The app — built by veterans of the gaming industry — is designed around the concept of different environments, currently covering forest, ocean, desert and mountains, which YuLife collectively terms its “Yuniverse.” (This incidentally also became a template for the company’s HQ design in London.)

Within each of these environments, users are encouraged to walk, cycle, meditate and do other activities to get around their environments in a healthy way, while at the same time being able to compare their progress against other co-workers. There is a degree of personalization in everyone’s experience, in that one person leaning into one activity over another seems to produce different subsequent scenarios.

Along with this, users are offered discounts on third-party products to further engage with the game within YuLife, which could include a subscription to meditation app Calm, FitBit and Garmin devices, and more.

As users make their ways through their worlds, they get rewards, in the form of something called YuCoins. The YuCoins can in turn be used to redeem vouchers from the likes of Amazon and Asos to buy things… consumerism being another way to improve happiness for some of us.

All of this sums up as more than just a policy aimed at giving people peace of mind for their families should they depart this world.

“Long term, it’s not just about health, it’s about lifestyle,” Rubin said. It’s also about YuLife’s business: the various products that it offers are built around an affiliate model, so there is a business interest for the company around offering and seeing items purchased and redeemed. However, this is not essential to using the app as a policy holder. The win-win theme runs strong, but so too does the fact that YuLife is taking a different approach altogether, in an industry where a lot of the “disruption” has up to now been more about how to buy life insurance, rather than reassessing what life insurance actually is. (For others in the space, see DeadHappy, BIMA, and the Jay-Z backed Ethos.)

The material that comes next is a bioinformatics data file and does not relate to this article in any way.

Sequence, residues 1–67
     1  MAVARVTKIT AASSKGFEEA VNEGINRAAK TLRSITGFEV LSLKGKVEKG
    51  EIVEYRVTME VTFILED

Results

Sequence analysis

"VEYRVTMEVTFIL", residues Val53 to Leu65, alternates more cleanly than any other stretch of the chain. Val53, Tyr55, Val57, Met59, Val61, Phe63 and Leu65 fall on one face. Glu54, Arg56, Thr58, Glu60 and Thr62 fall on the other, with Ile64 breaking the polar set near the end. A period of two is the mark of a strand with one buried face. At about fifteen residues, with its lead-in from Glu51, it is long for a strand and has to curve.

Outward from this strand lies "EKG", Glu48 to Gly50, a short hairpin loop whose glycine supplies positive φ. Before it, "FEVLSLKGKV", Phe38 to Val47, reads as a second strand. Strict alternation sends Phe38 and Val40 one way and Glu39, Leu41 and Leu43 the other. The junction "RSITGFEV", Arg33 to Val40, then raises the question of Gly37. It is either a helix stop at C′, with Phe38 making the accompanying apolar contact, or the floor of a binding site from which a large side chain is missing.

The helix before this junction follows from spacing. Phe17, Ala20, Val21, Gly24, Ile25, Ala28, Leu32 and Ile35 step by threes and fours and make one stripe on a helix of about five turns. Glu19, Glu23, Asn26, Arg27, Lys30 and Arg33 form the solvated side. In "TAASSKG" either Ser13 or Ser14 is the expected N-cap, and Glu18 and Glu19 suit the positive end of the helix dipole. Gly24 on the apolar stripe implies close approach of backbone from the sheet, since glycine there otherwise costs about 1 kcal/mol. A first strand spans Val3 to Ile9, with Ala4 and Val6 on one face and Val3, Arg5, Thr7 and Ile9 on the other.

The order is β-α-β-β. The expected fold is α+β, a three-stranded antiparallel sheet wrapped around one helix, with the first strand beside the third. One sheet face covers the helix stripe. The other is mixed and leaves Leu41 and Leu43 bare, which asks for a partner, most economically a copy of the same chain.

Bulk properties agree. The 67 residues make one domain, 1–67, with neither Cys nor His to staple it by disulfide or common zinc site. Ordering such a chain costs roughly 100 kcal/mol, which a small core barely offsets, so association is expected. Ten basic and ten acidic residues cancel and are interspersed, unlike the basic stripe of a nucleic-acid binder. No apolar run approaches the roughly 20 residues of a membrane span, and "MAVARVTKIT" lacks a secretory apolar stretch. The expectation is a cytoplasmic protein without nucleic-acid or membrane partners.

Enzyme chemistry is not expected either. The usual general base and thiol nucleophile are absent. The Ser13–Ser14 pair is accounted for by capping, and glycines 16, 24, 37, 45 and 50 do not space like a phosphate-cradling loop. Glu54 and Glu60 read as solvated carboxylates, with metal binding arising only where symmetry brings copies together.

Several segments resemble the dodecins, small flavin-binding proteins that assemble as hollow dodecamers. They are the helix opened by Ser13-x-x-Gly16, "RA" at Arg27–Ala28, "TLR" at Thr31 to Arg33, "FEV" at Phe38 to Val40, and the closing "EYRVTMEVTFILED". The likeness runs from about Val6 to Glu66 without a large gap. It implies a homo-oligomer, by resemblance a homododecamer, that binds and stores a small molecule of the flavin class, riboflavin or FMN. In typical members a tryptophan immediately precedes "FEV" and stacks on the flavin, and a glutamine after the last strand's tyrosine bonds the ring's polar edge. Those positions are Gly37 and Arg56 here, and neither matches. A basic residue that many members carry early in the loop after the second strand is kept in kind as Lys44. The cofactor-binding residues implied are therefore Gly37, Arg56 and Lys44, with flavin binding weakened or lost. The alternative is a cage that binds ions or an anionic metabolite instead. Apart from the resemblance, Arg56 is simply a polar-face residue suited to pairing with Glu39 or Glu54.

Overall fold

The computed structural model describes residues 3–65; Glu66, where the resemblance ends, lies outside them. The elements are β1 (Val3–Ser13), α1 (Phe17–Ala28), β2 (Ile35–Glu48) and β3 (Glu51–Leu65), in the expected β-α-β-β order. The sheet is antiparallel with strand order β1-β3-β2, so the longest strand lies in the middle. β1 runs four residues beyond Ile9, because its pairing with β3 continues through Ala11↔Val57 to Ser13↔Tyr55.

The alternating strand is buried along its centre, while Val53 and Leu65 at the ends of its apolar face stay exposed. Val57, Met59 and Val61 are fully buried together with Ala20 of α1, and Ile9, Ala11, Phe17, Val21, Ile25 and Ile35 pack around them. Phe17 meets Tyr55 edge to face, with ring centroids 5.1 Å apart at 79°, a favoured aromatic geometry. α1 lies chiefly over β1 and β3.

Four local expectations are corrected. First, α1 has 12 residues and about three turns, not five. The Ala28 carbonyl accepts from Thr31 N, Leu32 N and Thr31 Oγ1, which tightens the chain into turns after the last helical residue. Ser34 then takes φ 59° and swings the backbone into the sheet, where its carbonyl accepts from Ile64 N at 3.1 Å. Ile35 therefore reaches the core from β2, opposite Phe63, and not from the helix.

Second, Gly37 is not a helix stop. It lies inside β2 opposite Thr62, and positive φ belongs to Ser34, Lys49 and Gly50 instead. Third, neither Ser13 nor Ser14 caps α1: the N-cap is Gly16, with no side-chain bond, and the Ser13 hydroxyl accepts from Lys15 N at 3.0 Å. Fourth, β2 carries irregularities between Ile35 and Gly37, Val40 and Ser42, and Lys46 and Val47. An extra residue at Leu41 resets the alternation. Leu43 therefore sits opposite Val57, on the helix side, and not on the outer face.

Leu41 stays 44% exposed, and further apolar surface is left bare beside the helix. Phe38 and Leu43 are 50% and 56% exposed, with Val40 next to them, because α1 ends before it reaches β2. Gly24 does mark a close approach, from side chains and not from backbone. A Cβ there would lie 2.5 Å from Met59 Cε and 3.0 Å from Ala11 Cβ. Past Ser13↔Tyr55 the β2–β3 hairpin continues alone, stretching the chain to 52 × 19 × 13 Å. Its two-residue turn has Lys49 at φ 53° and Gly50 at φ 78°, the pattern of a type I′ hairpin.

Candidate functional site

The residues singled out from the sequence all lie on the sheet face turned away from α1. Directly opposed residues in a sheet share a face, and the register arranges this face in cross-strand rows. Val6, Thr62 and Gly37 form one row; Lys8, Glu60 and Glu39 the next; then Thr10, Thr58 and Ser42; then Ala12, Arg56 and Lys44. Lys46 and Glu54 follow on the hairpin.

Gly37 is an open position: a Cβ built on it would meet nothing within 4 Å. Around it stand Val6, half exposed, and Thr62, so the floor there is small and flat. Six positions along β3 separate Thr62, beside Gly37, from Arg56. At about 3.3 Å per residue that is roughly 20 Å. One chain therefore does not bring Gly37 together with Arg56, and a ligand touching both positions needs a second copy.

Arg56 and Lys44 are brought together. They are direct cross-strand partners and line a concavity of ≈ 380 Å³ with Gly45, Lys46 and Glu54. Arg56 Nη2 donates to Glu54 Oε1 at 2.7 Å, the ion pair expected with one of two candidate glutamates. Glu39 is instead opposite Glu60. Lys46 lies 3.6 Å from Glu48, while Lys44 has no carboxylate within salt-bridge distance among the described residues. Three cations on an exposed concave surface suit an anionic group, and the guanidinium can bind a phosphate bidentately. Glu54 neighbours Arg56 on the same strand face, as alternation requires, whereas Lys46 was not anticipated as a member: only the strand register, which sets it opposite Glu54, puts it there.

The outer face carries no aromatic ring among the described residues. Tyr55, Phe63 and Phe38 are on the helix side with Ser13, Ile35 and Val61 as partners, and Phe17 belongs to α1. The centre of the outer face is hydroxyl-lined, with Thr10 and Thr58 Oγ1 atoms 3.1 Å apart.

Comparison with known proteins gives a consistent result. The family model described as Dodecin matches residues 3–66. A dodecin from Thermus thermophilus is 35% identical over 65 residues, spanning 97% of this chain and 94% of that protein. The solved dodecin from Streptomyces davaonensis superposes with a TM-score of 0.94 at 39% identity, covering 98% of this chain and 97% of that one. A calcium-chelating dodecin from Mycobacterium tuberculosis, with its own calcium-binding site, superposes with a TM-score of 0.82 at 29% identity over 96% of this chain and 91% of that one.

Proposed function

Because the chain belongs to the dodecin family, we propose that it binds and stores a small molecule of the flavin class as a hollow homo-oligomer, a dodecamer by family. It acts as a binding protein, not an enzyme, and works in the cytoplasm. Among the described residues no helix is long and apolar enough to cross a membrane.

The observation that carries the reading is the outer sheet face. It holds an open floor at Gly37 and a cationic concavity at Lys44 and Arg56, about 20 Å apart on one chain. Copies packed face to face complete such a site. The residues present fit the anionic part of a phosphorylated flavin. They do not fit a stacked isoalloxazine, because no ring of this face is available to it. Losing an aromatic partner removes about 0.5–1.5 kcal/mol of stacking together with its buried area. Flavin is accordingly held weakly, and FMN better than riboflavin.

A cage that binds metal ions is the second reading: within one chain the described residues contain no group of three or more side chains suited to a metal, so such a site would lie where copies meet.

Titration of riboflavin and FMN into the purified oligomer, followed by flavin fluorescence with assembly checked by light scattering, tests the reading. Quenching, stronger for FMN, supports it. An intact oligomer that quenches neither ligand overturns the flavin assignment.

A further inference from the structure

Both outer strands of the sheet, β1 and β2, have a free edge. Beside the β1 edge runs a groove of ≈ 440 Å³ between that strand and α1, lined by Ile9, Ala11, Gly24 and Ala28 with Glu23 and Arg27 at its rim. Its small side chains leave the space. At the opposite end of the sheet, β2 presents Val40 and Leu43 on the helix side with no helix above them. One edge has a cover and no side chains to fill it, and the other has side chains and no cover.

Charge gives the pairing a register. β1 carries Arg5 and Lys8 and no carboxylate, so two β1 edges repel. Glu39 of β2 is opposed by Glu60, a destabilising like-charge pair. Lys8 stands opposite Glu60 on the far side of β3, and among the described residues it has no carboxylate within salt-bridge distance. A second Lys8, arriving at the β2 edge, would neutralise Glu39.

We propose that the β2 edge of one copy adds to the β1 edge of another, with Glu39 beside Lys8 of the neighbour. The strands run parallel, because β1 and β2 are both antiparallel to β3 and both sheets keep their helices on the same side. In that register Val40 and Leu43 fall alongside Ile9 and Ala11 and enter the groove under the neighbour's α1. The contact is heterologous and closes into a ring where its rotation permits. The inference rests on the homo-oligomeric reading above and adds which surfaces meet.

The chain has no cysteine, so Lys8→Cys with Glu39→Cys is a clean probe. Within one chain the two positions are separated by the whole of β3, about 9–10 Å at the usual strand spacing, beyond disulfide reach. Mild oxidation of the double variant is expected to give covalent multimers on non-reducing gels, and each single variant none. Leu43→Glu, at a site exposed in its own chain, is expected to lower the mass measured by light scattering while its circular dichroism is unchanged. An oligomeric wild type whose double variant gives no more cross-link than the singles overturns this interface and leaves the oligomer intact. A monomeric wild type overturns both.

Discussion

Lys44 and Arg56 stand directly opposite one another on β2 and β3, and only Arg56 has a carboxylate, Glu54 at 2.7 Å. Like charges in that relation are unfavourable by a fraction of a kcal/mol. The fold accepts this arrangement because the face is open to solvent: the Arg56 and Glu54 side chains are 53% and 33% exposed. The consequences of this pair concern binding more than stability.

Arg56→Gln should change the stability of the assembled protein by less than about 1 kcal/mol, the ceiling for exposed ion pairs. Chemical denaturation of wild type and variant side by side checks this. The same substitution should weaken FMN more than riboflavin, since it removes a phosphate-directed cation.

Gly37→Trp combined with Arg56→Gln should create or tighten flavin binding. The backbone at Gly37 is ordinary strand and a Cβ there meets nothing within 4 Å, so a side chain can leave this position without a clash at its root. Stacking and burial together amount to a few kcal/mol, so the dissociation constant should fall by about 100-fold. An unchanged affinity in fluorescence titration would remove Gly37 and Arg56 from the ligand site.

“YuLife is redefining life insurance, using the most innovative technologies to transform a largely traditional industry,” said Ben Kaminski, partner, Target Global, in a statement. “With health and wellbeing increasingly thrust into the limelight in the wake of Covid-19, YuLife is fundamentally changing insurance by incentivizing people to lead healthier lifestyles. YuLife is ideally positioned to build on its tenfold growth during the pandemic and lead the way in helping its clients respond to the challenges posed by an ever-changing working environment. We are very proud to partner with YuLife on its journey of becoming a global leader in life insurance.”

NewView Capital leads $22.3M Series B in Australian telehealth platform Eucalyptus